Glyxambi
Home About us Editorial board Ahead of print Current issue Search Archives Submit article Instructions Subscribe Contacts Login 
  • Users Online: 1562
  • Home
  • Print this page
  • Email this page
ORIGINAL ARTICLE
Year : 2019  |  Volume : 67  |  Issue : 6  |  Page : 834-839

MII RetCam assisted smartphone based fundus imaging for retinopathy of prematurity


1 Department of Ophthalmology, PSG Institute of Medical Sciences and Research, Coimbatore, Tamil Nadu, India
2 Department of Neonatology, PSG Institute of Medical Sciences and Research, Coimbatore, Tamil Nadu, India
3 Department of Retina, Lotus Eye care Hospital, Coimbatore, Tamil Nadu, India

Correspondence Address:
Dr. T Lekha
F 5 Marutham Maagnus, VKK Menon Road, New Siddhapudur, Coimbatore - 641 044, Tamil Nadu
India
Login to access the Email id

Source of Support: None, Conflict of Interest: None


DOI: 10.4103/ijo.IJO_268_19

Rights and Permissions

Purpose: The gold standard for evaluating Retinopathy of prematurity (ROP), a potentially blinding disease in preterm babies, is by indirect ophthalmoscopy which is quite subjective. Digital imaging with RetCam, an advanced wide field imaging system is more precise but it is not easily available or affordable. Smartphones are being explored as an alternate cost effective and accessible imaging tool. This is possible because of the good illumination and the built-in high resolution cameras available in modern smartphones. The aim of this study is to illustrate the utility of MII RetCam assisted smartphone based fundus imaging (MSFI) in the documentation and monitoring of ROP. Methods: Single-centre, retrospective observational study of all the preterm babies subjected to MSFI as part of ROP screening from September 2017 to November 2018. iPhone 4S and + 20 Diopter lens attached to the MII RetCam device was used for fundus imaging at baseline and during follow up. The statistical analysis used for the same is the SPSS statistical software. Results: Good quality images of central and peripheral retina could be captured in 33 out of 42 babies (78.57%) with ROP. Serial imaging done in 24 babies with ROP helped in precise monitoring of the disease and planning management. Incidentally detected non-ROP findings were also documented. Unique design of the device enabled imaging by a single examiner. Image database created was useful for academic and counselling purposes. Smaller field images which can cause difficulty in distinguishing the zones is a limitation. Conclusion: MSFI is a potential alternate imaging tool enabling objective documentation and monitoring of ROP in low resource settings.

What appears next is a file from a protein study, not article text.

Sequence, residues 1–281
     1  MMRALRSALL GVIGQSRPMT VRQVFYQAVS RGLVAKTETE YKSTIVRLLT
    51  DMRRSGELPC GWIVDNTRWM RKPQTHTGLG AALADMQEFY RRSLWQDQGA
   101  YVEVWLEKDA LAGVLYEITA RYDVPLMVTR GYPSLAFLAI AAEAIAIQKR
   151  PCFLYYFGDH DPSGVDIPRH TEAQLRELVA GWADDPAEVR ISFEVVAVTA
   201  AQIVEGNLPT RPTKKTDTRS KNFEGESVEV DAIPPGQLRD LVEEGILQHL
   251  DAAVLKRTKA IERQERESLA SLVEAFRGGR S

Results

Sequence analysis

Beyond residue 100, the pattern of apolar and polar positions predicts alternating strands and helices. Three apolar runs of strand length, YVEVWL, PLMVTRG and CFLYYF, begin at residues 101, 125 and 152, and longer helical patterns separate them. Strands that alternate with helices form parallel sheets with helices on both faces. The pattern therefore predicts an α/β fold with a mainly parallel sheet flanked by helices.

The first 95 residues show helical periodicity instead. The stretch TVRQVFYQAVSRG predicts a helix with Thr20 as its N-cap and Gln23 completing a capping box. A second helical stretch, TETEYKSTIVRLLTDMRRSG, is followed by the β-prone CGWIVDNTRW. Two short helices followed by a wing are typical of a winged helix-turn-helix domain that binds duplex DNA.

[FULL TEXT] [PDF]*
Print this article     Email this article
 Next article
 Previous article
 Table of Contents

 Similar in PUBMED
   Search Pubmed for
   Search in Google Scholar for
 Related articles
 Citation Manager
 Access Statistics
 Reader Comments
 Email Alert *
 Add to My List *
 * Requires registration (Free)
 

 Article Access Statistics
    Viewed857    
    Printed9    
    Emailed0    
    PDF Downloaded169    
    Comments [Add]    

Recommend this journal